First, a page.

In the next few months I’ll share details, but for now. I’m writing, working on getting published traditionally and making more art.

 

 

Achieving Goals in 2016.

I had a couple of goals for the past year. A few of them were sidetracked but I kept to them as much as I could.

I wanted to get in better shape, which I did through half the year, but faltered in the latter half. This was my fault and I take full responsibility for it.

I wanted to finish a book. I finished two.

I wanted to spend more time with my family, especially my wife.

I’ve done this. I was able to attend multiple field trips with my daughter and watch my son perform at his Christmas guitar concert.

I wanted to read a lot more. The only way to improve you writing is by reading.

I read 15 fiction book and 11 non-fiction, which I’ll list below.

Fiction: The Darkness that Comes Before – R. Scott Bakker, The Fireman – Joe Hill, The Exorcist – William Peter Blatty, Head Full of Ghosts – Paul Tremblay, Haunting of Hill House – Shirly Jackson, Assassin’s Apprentice – Robin Hobb, The Dragon Reborn – Robert Jordan, The Shadow Rising – Robert Jordan, The Magic of Recluse – L.E. Modesitt Jr., Prince of Thorns – Mark Lawrence, Magician: Apprentice – Raymond Feist, The Man in the High Castle – Phillip K. Dick, Mistborn – Brandon Sanderson.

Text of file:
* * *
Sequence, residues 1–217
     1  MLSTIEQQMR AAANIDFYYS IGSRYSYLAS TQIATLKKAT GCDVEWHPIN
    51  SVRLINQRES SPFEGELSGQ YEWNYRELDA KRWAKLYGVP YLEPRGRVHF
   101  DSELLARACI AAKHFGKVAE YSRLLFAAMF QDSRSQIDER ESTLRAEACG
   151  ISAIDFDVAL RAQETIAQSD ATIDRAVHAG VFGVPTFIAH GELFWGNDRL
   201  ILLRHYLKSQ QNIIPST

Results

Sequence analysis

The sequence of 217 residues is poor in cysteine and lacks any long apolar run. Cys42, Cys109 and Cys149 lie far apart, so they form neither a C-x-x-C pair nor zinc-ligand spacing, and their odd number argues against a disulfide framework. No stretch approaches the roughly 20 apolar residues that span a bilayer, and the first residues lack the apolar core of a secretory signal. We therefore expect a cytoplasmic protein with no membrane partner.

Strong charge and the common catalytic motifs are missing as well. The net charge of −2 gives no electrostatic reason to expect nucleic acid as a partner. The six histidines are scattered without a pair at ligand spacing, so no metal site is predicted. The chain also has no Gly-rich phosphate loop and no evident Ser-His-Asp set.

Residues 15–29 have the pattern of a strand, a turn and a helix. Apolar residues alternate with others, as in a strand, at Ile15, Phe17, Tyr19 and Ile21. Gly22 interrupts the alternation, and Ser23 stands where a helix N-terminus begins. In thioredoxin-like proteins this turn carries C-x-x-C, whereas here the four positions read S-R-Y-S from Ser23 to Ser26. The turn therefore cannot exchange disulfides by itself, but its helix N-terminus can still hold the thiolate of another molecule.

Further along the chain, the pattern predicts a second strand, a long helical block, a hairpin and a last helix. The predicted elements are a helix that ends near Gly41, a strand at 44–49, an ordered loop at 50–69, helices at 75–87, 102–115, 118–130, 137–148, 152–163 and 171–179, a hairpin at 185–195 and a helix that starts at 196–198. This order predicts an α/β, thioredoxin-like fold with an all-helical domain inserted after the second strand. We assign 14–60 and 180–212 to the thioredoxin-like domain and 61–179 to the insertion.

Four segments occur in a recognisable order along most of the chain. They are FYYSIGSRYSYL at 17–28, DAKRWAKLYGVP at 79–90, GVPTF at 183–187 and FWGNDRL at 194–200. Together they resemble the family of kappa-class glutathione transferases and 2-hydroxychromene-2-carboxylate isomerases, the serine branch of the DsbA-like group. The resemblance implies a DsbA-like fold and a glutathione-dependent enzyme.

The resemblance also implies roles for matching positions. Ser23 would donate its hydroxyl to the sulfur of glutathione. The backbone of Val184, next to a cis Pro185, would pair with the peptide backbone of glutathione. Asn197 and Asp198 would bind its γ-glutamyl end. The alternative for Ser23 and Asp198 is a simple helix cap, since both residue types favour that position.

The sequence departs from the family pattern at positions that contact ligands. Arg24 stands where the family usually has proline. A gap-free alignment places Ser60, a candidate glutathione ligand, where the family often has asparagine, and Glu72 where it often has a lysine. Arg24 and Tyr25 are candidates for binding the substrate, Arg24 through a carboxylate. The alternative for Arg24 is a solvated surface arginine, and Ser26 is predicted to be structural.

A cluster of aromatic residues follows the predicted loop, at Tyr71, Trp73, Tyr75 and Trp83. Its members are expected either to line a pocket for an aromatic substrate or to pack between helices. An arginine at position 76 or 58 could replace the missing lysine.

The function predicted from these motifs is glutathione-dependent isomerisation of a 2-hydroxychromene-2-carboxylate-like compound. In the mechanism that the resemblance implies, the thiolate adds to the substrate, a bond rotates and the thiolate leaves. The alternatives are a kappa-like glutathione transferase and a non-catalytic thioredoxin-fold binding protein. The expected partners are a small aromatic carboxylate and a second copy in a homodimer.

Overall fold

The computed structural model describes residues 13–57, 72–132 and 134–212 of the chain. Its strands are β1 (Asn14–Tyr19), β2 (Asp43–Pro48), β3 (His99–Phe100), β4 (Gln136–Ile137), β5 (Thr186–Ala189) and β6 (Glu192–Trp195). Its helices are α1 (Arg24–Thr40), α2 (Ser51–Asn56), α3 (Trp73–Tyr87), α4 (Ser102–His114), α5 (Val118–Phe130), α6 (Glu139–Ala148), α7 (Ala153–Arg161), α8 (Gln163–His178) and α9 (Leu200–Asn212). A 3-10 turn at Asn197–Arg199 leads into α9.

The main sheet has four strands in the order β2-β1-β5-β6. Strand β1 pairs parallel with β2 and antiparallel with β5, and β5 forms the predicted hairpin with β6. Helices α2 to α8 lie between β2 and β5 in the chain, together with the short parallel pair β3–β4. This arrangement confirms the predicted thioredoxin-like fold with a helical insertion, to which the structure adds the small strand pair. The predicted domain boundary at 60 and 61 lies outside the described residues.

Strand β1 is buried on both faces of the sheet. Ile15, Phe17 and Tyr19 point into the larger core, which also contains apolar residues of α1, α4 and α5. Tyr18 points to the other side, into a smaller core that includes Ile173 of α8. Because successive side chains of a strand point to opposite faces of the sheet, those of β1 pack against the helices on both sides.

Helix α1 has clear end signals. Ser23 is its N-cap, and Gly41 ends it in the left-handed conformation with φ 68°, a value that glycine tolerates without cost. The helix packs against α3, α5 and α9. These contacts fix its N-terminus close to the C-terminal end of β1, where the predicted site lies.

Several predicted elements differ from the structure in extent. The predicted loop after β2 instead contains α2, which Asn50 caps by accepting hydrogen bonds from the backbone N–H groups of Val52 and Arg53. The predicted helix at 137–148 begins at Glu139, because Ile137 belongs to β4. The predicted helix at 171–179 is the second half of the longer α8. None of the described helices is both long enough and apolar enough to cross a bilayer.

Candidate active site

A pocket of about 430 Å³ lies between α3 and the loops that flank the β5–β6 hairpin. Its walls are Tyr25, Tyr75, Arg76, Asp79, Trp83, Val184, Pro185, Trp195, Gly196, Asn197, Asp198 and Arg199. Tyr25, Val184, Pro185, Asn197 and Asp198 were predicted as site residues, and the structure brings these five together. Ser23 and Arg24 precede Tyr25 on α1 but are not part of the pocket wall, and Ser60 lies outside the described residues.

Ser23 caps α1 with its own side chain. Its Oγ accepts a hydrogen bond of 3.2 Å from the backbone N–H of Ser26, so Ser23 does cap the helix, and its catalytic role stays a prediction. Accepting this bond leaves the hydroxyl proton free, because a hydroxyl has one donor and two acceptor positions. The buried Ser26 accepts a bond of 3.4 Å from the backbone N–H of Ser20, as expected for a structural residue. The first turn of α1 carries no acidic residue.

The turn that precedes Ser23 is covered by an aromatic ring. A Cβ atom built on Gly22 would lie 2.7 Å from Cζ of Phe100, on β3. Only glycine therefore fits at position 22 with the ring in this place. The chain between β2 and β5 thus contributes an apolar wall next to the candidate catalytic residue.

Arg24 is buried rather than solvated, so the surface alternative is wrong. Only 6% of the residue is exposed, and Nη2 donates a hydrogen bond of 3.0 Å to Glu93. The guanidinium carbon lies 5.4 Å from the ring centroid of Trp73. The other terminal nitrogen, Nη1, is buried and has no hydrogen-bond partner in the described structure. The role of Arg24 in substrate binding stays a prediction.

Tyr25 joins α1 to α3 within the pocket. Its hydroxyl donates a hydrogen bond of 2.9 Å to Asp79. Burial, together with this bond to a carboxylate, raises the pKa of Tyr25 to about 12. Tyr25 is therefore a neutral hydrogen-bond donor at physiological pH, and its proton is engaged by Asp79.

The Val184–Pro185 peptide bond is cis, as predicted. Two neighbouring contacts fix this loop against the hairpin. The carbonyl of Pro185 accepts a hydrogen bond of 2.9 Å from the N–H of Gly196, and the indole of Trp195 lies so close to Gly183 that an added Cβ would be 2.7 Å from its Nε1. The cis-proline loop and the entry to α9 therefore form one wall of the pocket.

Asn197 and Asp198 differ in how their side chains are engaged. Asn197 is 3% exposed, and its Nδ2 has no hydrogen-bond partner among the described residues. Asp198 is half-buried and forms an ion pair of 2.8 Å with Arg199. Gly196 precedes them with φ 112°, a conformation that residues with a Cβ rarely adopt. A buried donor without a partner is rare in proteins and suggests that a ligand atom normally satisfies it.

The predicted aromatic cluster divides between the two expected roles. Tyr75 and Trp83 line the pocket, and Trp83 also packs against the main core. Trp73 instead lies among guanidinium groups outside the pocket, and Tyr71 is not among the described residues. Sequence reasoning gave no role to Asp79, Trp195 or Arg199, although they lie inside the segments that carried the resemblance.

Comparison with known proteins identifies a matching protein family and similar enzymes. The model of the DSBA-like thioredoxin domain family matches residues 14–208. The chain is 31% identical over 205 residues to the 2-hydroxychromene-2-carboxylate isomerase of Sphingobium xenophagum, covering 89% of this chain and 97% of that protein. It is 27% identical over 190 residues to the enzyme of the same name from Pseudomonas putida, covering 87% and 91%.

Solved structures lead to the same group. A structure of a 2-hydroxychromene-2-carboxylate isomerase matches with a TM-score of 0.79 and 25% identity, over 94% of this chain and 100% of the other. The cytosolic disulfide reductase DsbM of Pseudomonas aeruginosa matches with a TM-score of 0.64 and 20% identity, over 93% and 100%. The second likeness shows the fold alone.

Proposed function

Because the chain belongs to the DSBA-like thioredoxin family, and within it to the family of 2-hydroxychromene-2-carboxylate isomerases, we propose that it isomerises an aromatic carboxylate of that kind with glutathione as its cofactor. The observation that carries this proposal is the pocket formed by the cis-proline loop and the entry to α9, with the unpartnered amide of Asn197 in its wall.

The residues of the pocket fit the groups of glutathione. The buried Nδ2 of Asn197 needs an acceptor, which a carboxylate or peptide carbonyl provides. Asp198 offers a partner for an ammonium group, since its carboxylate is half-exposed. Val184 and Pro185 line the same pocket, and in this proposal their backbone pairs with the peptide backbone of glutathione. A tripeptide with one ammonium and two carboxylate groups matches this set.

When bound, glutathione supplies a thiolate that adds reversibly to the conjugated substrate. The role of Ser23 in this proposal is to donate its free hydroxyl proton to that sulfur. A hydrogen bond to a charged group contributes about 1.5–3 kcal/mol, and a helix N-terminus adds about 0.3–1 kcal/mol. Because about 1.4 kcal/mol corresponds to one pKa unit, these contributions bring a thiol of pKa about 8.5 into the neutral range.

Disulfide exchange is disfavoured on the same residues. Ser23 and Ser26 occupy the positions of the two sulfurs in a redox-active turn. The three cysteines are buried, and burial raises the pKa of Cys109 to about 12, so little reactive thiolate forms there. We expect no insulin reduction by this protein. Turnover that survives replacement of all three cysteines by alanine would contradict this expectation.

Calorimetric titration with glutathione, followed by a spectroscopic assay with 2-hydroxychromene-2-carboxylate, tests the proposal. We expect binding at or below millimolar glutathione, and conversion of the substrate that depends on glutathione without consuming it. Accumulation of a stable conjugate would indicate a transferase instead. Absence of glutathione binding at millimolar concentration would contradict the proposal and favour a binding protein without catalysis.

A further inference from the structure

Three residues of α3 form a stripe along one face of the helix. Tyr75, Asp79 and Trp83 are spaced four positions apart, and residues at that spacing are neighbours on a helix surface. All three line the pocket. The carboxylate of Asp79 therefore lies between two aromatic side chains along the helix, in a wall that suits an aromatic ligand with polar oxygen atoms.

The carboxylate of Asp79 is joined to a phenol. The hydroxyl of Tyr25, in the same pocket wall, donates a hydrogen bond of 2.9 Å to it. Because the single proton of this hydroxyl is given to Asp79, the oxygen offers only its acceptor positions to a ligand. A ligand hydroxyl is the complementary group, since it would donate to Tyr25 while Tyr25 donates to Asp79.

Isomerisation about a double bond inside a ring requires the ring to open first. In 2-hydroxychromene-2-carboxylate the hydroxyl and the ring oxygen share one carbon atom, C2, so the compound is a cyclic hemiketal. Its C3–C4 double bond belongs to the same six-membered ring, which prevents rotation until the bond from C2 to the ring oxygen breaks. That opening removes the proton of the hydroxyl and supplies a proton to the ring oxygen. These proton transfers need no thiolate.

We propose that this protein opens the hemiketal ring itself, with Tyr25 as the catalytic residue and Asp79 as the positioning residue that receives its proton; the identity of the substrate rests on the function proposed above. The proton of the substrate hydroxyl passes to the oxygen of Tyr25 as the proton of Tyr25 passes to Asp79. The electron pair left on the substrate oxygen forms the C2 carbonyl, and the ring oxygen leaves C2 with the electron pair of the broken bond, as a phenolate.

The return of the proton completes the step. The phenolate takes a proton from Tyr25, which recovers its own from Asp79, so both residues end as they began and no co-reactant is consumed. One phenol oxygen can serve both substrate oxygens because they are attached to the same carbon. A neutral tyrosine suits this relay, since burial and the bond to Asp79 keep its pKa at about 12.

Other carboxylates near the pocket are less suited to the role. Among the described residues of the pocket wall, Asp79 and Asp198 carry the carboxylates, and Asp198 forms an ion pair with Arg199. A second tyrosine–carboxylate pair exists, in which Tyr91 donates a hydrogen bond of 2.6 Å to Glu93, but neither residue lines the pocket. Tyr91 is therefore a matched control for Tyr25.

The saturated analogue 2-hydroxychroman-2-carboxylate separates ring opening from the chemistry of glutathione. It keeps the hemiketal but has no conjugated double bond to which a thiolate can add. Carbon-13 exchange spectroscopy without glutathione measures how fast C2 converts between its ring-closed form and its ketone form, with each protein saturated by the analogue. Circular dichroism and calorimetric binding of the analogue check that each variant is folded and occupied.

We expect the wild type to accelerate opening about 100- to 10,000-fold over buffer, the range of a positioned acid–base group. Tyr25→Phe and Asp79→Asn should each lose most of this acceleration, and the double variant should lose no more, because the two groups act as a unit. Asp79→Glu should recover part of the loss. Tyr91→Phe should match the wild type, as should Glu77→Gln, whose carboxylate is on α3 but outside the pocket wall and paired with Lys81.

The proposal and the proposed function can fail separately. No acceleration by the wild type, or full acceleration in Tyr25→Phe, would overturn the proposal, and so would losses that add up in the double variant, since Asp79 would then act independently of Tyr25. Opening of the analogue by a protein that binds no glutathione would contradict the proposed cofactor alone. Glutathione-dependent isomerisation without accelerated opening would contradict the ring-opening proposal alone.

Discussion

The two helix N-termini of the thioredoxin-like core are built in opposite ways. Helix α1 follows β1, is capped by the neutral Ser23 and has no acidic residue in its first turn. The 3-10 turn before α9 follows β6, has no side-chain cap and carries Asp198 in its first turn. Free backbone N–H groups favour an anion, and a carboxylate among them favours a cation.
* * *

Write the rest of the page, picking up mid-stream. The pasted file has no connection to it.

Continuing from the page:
I’m also reading The Left Hand of Darkness by Ursula K. Le Guin and should have it done by the end of the year.

Non-Fiction: Ask Gary V – Crush It – Jab, Jab, Right Hook all by Gary Vaynerchuck. The Compound Effect – Darren Hardy, The Entrepreneur Roller Coaster – Darren Hardy, Go For No – Richard Fenton and Andrea Waltz,  Go Pro – Eric Worre, Grit – Angela Duckworth, Scrum – JJ Sutherland, The Subtle Art of Not Giving a Fuck – Mark Manson, No God but God – Reza Aslan.

There are a couple of books from each of these lists that have either changed the way I write or the way I think.

From fiction: Head Full of Ghosts and Prince of Thorns. Both of these books gave me a new way to look at my writing and others writing, I would put Left Hand of Darkness on this list as well but I haven’t finished it and am only judging for the first two-thirds of the book.